Wednesday, November 14, 2012

Republicans and the Far Right

Beginning in about the days of Ronald Reagan, the Republican party's standing in the United States Congress has become gradually more extreme. According to statistics by political scientists Keith Poole and Howard Rosenthal (see a very nice graph here), the "Center Right" began to diminish several decades ago. Newt Gingrich's 1994 Republican Revolution gave momentum to the Right and Far Right, and after 2006, the Center Right disappeared entirely from the House of Representatives. The Senate still has a Center Right bloc, although they're less than half the size of the Center Left bloc.

The results of this trend are abundant. The Democrat party made strides forward in every federal branch of government this election; moderate, swing voters don't want extremists in power. In spite of high unemployment and even higher deficit spending, President Obama won reelection (possibly because of Paul Ryan's firm standing in the Far Right). Democrats complain about Republican obstructionism in Congress, blaming them for many of the government's failures. Two popular political comedy shows, The Daily Show with Jon Stewart and the Colbert Report, derive large amounts of their comedic material from extreme conservatives.

So, where do we go from here? I have several suggestions to improve the effectiveness of conservativism:

First, moderate conservatives, vote in primary elections! Don't let the extreme, passionate voices drown you out. You outnumber them, according to this study on media viewing!

Second, remind your conservative leaders of moderate-conservative values, such as American leadership that includes respect for other nations, the need to create bipartisan solutions to our problems, the need to give illegal immigrants a path to legal residency at least, the need for a mother's life exception to abortion law(not to mention a rape exception), and our duty to fight for the rights of gay and lesbian individuals in employment, housing, and other public spheres (without treating same-sex marriage like a legal right).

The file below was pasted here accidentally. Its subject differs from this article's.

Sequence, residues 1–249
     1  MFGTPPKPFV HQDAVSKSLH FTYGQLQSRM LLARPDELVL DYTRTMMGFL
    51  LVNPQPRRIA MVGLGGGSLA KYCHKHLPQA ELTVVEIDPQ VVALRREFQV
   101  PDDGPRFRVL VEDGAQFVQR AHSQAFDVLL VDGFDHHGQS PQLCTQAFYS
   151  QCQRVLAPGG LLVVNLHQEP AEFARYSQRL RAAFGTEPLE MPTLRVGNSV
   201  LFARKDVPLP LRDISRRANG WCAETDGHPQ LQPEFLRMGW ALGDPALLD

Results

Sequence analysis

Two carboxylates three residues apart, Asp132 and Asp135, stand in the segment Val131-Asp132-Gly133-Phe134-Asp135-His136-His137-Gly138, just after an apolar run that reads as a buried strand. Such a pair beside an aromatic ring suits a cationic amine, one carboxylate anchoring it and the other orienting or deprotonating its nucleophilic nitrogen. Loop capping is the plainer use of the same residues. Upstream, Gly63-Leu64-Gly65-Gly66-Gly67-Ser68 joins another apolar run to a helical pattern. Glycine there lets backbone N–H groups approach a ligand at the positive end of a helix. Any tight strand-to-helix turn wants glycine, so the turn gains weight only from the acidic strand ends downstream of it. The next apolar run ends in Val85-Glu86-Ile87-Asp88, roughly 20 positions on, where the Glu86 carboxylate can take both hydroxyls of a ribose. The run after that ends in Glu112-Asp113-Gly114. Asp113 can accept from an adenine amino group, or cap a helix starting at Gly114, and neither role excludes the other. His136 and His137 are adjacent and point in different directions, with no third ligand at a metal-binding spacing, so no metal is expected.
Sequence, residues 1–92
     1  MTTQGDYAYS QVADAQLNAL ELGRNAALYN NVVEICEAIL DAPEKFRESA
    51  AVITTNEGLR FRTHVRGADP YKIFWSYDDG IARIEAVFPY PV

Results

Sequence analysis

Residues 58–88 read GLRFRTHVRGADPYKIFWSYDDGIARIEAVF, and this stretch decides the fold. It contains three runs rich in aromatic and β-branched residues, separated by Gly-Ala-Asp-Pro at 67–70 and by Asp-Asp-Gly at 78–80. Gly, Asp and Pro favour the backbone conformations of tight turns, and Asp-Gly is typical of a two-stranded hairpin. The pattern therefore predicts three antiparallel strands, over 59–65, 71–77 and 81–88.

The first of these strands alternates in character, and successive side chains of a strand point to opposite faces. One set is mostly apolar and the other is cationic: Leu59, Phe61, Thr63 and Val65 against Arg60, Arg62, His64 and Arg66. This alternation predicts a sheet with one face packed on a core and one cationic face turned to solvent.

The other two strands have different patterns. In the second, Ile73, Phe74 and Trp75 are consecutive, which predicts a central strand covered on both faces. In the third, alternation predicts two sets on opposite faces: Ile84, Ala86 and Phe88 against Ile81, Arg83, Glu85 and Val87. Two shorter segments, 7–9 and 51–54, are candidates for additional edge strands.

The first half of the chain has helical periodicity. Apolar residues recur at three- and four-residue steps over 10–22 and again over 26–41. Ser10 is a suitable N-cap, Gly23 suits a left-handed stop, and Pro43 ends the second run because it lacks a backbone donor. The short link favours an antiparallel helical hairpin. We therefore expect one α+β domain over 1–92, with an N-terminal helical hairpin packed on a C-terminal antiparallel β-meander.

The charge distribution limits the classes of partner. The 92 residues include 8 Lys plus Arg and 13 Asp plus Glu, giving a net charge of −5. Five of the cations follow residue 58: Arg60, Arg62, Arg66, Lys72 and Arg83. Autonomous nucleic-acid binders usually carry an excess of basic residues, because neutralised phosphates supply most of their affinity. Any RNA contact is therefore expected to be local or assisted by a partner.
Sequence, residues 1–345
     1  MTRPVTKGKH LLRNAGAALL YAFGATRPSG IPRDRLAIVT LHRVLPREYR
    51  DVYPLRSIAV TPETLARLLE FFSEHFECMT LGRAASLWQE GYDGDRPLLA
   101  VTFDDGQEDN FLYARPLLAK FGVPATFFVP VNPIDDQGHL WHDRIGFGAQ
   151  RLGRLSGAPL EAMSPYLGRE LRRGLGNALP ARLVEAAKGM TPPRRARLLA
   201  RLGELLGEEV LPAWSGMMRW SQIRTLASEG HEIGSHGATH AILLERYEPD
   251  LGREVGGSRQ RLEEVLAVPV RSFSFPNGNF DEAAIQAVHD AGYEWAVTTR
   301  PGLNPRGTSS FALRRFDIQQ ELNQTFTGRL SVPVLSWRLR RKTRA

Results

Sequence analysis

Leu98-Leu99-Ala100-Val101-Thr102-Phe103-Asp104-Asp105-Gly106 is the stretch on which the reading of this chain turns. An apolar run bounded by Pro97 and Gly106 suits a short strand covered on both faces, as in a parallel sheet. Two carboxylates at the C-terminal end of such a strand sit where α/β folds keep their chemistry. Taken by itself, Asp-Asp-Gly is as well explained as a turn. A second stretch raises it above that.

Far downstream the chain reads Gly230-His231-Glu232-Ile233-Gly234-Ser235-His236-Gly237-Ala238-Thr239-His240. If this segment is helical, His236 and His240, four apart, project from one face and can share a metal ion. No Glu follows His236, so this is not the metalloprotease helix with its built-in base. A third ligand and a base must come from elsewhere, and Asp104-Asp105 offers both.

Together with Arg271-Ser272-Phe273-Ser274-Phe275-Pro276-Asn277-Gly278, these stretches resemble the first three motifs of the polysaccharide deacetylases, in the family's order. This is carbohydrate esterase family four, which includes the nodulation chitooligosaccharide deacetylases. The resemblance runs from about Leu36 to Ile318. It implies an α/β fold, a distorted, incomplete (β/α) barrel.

Third, avoid verbal attacks on liberals. They are part of America, and they have a role and a voice in America's future. That role need not be a negative one. When liberals propose moving farther towards moral relativism and socialism than you believe is wise or good, don't just condemn them! Work with the truths of compassion for the poor and tolerance for others' differences that they possess. Find compromises, like wisely administrated welfare work requirements, and cooperate with your political opponents for a better future.

As a Latter-day Saint, I urge my fellow Latter-day Saints to notice that the Church's stance is never totally conservative. They have moderately conservative stances on abortion and gay rights, but they also have neutral (or even liberal) stances on many other issues. Two of the links above are Church statements against extreme conservative policies.

May God bless you, and may unity prevail.

No comments: